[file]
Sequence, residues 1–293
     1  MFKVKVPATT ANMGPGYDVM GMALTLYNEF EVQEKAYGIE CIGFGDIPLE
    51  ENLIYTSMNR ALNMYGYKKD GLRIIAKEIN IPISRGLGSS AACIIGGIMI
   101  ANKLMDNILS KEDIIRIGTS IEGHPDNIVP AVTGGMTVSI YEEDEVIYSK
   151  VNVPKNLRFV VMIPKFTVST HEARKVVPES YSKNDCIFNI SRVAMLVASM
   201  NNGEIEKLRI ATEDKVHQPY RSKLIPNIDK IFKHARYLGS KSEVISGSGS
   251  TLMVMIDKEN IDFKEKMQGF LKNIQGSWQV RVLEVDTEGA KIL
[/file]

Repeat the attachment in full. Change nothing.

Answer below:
Sequence, residues 1–293
     1  MFKVKVPATT ANMGPGYDVM GMALTLYNEF EVQEKAYGIE CIGFGDIPLE
    51  ENLIYTSMNR ALNMYGYKKD GLRIIAKEIN IPISRGLGSS AACIIGGIMI
   101  ANKLMDNILS KEDIIRIGTS IEGHPDNIVP AVTGGMTVSI YEEDEVIYSK
   151  VNVPKNLRFV VMIPKFTVST HEARKVVPES YSKNDCIFNI SRVAMLVASM
   201  NNGEIEKLRI ATEDKVHQPY RSKLIPNIDK IFKHARYLGS KSEVISGSGS
   251  TLMVMIDKEN IDFKEKMQGF LKNIQGSWQV RVLEVDTEGA KIL